Will County — Will County Sheriff’s Deputy Chief Dan Jungles revealed Thursday that he plans to run for sheriff in 2026.
Jungles made the announcement on the same day he introduced the new chairman of the Will-Grundy Major Crimes Task Force, Plainfield Police Division Commander Kevin McQuaid.
“I know it is a bit early to be talking about this, and I don’t want to distract from anyone running for offices in 2024, but I wanted to explain why I was stepping down as chairman of the task force,” said Jungles, who has been in the deputy chief position for the past three years.
“I decided several months ago that I would be stepping down from the position to focus on my work at the sheriff’s department and then on the campaign,” he said.
Will County Sheriff Mike Kelley, who was elected for his third term in 2022, has said he will not be seeking reelection. Jungles said he sees the run for sheriff as the next step in his career progression, having spent his entire 24-year career in the department.
“Will County has been my only law enforcement home,” Jungles said. “This seems like a way to better myself, to better the county, and to better the office.”
Although he stresses it is still early in the election cycle to be talking about issues, Jungles noted that one subject he hopes to address should he win is improving mental health and wellness services for officers.
“It’s not something most people think about from the outside, but we encounter a lot of things on the job that the public never sees, and it’s important to have support,” he said. “I think it gets overlooked, maybe because of a certain machismo, some people think it’s not an issue, but the statistics show otherwise.”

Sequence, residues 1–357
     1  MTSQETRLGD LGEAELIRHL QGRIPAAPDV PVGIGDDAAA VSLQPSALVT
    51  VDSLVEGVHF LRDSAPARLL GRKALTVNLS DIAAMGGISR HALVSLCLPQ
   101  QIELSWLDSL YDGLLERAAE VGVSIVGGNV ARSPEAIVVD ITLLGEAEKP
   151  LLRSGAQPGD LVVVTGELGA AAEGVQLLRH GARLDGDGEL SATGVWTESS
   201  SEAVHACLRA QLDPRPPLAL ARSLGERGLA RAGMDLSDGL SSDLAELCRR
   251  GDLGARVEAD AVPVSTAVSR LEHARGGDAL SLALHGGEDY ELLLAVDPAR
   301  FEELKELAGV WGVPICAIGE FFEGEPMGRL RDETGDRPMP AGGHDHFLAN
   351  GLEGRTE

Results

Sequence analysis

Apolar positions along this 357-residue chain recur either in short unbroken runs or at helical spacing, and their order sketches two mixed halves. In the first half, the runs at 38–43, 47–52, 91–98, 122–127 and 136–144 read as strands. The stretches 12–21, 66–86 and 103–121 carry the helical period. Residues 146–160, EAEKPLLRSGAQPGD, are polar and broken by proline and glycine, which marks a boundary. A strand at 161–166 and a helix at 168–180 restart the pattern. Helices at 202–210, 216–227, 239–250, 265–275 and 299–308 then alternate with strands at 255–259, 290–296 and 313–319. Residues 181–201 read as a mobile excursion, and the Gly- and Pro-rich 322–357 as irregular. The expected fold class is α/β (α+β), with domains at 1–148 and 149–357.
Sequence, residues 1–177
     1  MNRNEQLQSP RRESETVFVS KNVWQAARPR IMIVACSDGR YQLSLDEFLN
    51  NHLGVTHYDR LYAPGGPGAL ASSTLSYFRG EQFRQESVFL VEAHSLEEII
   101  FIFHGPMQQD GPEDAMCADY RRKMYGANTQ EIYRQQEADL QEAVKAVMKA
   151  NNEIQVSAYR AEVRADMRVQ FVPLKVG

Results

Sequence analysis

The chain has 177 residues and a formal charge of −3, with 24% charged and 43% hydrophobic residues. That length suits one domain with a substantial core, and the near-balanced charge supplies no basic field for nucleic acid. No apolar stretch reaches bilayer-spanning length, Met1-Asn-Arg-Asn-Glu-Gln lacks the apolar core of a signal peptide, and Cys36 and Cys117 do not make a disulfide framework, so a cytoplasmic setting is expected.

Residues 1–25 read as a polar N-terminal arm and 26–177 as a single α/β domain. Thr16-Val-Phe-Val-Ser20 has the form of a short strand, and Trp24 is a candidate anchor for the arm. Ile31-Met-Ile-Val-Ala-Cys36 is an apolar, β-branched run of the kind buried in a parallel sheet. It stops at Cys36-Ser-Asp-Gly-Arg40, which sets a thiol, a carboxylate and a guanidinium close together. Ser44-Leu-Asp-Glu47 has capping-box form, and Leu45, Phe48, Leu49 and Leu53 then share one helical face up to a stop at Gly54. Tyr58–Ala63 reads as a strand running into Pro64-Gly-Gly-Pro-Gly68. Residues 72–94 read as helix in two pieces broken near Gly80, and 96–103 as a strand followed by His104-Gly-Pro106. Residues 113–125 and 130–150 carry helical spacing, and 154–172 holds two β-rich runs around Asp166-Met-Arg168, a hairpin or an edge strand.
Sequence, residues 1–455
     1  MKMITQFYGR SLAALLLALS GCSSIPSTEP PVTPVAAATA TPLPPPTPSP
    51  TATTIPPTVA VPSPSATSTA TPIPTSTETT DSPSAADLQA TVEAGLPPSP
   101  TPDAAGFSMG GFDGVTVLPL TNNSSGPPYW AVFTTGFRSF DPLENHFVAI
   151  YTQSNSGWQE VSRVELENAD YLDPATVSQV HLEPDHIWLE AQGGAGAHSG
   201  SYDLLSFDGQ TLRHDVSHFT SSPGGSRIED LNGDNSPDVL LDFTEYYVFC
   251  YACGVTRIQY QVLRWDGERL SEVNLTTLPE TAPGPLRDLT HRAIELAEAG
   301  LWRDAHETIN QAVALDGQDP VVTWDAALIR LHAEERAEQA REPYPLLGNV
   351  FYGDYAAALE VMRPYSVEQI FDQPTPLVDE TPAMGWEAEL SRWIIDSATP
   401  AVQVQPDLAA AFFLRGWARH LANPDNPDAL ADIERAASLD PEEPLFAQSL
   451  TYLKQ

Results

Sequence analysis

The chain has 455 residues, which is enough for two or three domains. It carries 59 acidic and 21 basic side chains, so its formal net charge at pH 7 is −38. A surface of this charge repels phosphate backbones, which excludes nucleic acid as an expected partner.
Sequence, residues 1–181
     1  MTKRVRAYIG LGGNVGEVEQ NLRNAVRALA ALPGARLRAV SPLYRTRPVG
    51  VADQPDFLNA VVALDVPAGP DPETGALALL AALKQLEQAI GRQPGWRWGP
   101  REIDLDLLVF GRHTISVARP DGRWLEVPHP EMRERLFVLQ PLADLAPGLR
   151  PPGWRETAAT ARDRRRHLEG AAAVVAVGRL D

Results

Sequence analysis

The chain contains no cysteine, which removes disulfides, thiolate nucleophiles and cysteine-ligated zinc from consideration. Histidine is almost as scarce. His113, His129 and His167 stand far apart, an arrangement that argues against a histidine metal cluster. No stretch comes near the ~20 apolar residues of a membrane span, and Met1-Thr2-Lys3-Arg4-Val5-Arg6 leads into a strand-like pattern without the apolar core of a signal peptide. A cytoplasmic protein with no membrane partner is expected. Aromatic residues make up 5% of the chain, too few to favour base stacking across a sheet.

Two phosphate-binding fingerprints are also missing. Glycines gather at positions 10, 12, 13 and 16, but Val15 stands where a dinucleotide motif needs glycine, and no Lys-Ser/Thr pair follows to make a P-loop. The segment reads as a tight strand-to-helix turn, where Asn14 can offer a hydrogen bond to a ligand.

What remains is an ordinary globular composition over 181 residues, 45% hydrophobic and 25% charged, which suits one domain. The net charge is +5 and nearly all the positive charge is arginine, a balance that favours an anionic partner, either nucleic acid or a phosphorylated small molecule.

Law enforcement officers have higher rates of divorce, alcohol abuse and suicide than the general public, Jungles said.
“And that needs to be addressed,” he said. “If we make sure officers are better prepared to deal with these issues, they’ll be more effective and provide better service to the community.”
Jungles stressed that he is in favor of continued training and education for officers, something he himself has taken part in. This year, Jungles became the first Will County officer to complete the FBI’s National Training Academy in 15 years, a prestigious opportunity he said he believes will benefit him in the position of sheriff.
“I’m a big believer in training and continuing education,” he said. “I don’t pretend to know everything, so every chance I get to improve my experience I take. I cherish the experience I got at Quantico, and I believe that training and my leadership experience on the task force will translate well to the position of sheriff.”
While Jungles will be running as a democrat, like his predecessor, he said he does not see the office as a political position and noted that he has worked under the mentorship of sheriffs from both parties.
“My honest belief is this should not be a political position,” he said. “There is no room for politics in law enforcement. You enforce the laws that are set by legislators and that’s it. You don’t get to pick and choose what you enforce, it’s about what’s right and wrong. I’m not a very political person. I think politics are a lot like investigations, there’s three sides to any story: Person A, Person B, and somewhere in the middle is probably the truth. I think 80 percent of the population is somewhere in the middle when it comes to politics, and that’s who I want to speak to with common sense.”
Jungles’ last day as chairman of the Will-Grundy Major Crimes Task Force, whose purpose is to investigate police misconduct and assist small departments in large investigations, was Aug. 15. He expressed his confidence in his successor, McQuaid, a seven-year veteran of the organization.
“The task force is definitely in good hands,” Jungles said. “Kevin will do a great job. I know they picked they right guy for the position.”